Zac Efron started the public-maturation process from a tough spot; those High School Musical films just gleamed off his skin like Clearasil. But while he was mostly overshadowed in Richard Linklater's Me and Orson Welles, we give him credit for doing a film that so clearly wasn't aimed at his legion of adoring fans. (Unless Tiger Beat readers are really into The Magnificent Ambersons these days.) And while it would be unfair to judge him on material that hasn't come out yet, we don't think we can get away without at least mentioning The Paper Boy, an upcoming film in which Nicole Kidman pees on him. As far as ways to throw off your teen-star image… whatever works.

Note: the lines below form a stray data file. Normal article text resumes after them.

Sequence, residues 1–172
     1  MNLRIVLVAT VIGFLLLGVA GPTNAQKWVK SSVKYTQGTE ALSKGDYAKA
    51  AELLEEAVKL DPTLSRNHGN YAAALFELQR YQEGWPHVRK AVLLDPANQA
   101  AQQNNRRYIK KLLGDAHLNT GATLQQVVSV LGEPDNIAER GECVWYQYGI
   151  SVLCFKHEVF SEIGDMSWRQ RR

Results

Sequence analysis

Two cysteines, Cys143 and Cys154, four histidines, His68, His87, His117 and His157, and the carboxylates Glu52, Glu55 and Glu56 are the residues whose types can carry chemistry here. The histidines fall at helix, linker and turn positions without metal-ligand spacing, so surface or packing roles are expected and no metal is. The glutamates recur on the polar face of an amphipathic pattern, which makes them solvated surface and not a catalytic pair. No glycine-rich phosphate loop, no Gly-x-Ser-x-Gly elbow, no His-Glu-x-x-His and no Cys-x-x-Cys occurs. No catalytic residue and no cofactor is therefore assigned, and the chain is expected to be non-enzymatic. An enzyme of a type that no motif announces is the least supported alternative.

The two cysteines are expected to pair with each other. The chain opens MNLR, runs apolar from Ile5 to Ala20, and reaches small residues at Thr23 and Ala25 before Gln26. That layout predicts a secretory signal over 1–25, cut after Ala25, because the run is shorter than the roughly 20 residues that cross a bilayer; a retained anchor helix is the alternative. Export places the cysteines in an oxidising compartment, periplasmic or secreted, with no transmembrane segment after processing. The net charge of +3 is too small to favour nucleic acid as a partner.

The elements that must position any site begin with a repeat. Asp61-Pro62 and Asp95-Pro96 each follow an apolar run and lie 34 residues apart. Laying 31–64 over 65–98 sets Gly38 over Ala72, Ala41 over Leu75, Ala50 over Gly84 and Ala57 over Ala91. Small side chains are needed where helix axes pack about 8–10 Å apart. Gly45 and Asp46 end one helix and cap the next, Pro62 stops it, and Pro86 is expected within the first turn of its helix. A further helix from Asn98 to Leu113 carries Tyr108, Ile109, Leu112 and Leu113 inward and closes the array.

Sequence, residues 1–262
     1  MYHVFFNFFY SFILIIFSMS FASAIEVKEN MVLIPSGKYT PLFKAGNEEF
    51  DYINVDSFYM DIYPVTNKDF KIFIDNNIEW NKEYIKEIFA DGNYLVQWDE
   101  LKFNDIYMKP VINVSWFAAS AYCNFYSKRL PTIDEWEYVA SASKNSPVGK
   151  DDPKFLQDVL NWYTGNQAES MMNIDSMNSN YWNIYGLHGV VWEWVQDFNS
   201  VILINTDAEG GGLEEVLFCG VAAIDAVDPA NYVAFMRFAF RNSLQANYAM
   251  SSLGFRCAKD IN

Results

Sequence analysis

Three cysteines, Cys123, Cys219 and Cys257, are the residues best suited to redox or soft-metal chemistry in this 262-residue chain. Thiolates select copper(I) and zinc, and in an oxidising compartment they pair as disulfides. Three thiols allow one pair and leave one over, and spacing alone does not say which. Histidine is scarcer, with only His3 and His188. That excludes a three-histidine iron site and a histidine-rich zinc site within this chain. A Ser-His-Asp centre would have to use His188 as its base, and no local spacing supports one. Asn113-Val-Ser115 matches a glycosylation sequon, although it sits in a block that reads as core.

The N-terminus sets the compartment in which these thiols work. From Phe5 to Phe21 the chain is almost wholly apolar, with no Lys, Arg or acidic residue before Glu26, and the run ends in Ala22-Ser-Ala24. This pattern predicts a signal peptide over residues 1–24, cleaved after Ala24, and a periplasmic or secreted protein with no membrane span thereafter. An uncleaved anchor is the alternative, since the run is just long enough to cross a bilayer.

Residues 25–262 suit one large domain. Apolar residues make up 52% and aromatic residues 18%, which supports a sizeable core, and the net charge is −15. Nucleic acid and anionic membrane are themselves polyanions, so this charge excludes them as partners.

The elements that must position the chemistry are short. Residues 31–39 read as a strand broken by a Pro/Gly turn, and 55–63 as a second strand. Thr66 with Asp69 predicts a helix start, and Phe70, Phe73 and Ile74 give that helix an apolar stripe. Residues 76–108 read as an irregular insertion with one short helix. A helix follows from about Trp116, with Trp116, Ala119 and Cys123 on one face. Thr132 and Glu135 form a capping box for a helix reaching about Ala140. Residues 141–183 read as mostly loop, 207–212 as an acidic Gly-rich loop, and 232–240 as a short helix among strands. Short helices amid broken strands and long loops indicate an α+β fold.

Rob Lowe is not and will probably never be Marlon Brando. First of all, the man's been in a lot of made-for-TV movies. One of these movies is probably being shown on Lifetime right now. But somehow, decades after St. Elmo's Fire and that sex tape incident, Lowe's emerged as the kind of reliable actor whose name can at least make you check out a TV series, if not stick with it forever. (We're looking at you, Brothers and Sisters.) The West Wing, of course, has a lot to do with this: Aaron Sorkin's most successful series gave Lowe a chance to work against the "good-looking asshole" archetype he seemed destined for. He's still good-looking, but he seems like much less of an asshole than he used to.